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Meet the “New-trients”

Today’s consumers are witnessing a new era in how foods are identified. New nutrients, not commonly understood for their health benefits, seem to be popping up on our grocer’s shelves every day. Omega fatty acids, newly defined sources of dietary fiber, and antioxidant phytochemicals are examples of healthful plant elements that are creeping into public media reports and water-cooler debates.

Laboratory and preliminary human clinical studies are revealing anti-disease properties of these “nutrients.” Extensive food and medical research underway presently will eventually translate the chemical properties into consumer understanding and terminology that we’ll grasp and use in everyday conversation.

With such potential significance to public health, the consumer education process should begin now in a way that people, from teenagers to grandparents, can readily understand antioxidants as easily as we now understand calories, carbohydrates, fat percentage, and vitamin C.

The scientific and regulatory bodies for food labeling have a great challenge ahead of them.

There are thousands of plant food sources with suspected health benefits with complicated chemical names that are unfamiliar and can be intimidating. The challenge at hand is to decipher this blizzard of names and to promote better nutrition for our families and for ourselves.

Why Antioxidants?

The beneficial antioxidant chemicals that we get from colorful plant foods represent our best defense against threatening oxidants. While oxidative stress is a normal part of cellular metabolism that occurs even in healthy people, left unchecked, it can lead to damage that accumulates with age.

Normally, oxidative species or “free radicals” are neutralized by antioxidant enzymes and food-derived antioxidants. However, the following circumstances can cause an imbalanced oxidant-antioxidant relationship that allows oxidative stress to go unopposed.

o Contamination by environmental conditions like pollution, radiation, cigarette smoke and herbicides

o Normal aging

o Poor diets that lack essential nutrients and phytochemicals

The result of this imbalance is cell and tissue damage that could lead to diseases like:

o Cancer

o Hypertension

o Diabetes

o Chronic inflammation

o Neuronal degeneration like Alzheimer’s disease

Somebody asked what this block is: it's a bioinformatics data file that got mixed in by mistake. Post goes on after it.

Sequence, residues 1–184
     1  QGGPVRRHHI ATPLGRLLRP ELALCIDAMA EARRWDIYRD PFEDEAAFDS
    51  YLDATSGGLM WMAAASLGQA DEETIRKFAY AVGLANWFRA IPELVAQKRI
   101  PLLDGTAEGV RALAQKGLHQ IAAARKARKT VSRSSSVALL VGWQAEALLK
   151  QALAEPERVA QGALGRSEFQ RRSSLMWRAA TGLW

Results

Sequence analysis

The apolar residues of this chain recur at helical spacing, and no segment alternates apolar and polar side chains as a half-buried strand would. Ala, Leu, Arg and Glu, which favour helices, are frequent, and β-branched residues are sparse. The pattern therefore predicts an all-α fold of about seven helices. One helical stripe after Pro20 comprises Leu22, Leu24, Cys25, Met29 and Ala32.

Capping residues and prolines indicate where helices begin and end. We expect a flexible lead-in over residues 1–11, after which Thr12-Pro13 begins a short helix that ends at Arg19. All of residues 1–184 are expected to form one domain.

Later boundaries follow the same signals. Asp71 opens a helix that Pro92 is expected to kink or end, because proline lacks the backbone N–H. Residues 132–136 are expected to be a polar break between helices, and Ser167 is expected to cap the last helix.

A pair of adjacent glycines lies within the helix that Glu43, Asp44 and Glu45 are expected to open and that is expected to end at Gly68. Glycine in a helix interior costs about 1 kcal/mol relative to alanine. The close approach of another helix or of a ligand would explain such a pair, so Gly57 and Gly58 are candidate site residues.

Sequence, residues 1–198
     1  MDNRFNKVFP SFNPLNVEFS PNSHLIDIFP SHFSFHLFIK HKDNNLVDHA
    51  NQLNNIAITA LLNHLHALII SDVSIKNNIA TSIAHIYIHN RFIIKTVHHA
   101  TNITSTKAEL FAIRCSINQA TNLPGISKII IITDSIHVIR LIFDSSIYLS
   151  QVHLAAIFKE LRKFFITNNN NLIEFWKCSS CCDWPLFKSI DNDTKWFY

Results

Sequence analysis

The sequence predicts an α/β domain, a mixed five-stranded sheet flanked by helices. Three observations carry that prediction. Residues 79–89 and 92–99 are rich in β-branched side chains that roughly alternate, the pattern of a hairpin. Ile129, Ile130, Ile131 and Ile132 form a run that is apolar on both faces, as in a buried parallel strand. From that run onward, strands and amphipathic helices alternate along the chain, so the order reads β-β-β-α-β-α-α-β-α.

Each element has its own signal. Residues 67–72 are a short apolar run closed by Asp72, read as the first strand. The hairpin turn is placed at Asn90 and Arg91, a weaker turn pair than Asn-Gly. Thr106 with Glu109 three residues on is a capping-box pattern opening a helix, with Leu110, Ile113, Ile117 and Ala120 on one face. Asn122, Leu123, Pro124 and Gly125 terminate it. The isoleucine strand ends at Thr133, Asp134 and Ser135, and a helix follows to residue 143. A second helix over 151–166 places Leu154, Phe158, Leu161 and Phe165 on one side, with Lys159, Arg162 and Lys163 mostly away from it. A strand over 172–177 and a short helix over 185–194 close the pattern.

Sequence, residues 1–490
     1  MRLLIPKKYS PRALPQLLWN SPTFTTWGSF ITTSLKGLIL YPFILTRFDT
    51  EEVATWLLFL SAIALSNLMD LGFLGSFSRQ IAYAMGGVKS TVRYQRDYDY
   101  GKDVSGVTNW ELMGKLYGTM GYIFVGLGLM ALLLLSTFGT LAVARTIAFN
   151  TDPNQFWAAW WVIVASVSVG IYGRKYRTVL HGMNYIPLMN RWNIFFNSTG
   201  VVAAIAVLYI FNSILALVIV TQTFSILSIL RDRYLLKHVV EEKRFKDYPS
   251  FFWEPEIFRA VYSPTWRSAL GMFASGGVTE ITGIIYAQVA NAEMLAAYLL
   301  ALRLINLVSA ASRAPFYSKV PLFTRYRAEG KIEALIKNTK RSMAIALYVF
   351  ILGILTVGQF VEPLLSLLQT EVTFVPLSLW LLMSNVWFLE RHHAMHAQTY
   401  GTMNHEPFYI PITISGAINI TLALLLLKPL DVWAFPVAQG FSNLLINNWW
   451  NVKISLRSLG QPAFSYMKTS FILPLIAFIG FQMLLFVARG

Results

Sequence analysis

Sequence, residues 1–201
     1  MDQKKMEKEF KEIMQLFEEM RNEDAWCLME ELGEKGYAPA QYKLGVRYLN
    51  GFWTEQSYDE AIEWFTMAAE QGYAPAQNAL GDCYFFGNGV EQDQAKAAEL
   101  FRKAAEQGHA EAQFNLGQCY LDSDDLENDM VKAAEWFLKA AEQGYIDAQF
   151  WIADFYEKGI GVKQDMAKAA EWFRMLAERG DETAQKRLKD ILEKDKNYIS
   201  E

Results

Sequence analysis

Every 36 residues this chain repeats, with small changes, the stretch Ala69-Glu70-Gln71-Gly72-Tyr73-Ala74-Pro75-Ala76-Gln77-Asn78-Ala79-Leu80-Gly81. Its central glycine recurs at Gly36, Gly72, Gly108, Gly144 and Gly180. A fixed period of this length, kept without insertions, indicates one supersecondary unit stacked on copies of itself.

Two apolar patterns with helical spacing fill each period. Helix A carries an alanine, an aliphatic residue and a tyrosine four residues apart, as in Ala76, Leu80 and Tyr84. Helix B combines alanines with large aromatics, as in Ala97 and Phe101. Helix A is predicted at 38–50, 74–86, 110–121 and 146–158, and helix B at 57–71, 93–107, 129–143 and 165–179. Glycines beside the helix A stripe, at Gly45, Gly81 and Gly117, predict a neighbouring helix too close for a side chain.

The Color Code for Antioxidants

Over the past five years, we have begun a valuable process for recognizing plant food antioxidant qualities by groupings of color–The Color Code, as written in two books entitled The Color Code and What Color is Your Diet? (publication information below).

The following is a summary of those color guides for antioxidants, and an example of how we can begin to classify and categorize the different antioxidants into the food color code.

Summary of the Color Code

This is a general scheme of example foods that can fit into each color class. Keep in mind that there are no firm lines between the classes, which allows for overlap.

1. Red – tomato, pink grapefruit, watermelon

2. Blue/Red/Purple/Black (BRPB) – blueberry, cherry, prune, blackberry

3. Orange/Yellow – carrot, pumpkin, orange, papaya

4. Green – broccoli, kale, spinach, pea

5. White – garlic, onion, cabbage, turnip

6. Brown/Gray – spices, nuts, seeds, endogenous sources

How to Apply the Color Code

Here’s a general breakdown of the color groups that have food chemicals with antioxidant qualities:

1. Enzymes (Brown/Gray)

A protein substance with a name ending in “ase”, enzymes stimulate biochemical reactions in living cells and help form new compounds that, in this case, would serve antioxidant functions.

Members of this enzyme class of antioxidants include:

o Superoxide dismutase

o Catalases

o Reductases

o Peroxidases

o Transferases

2. Vitamins (Brown/Gray)

Most consumers would already recognize the three main antioxidant vitamins–A, C and E–that are derived from food and supplements common to the public. Vitamins A and E are fat-soluble, providing antioxidant protection in cell structures like the outer membrane and inner nuclear organelles. Vitamin C dissolves readily in body water compartments, so it is well distributed in the body. Of particular note is the important role of vitamin C in protecting vitamins A and E from damaging oxidative free radicals.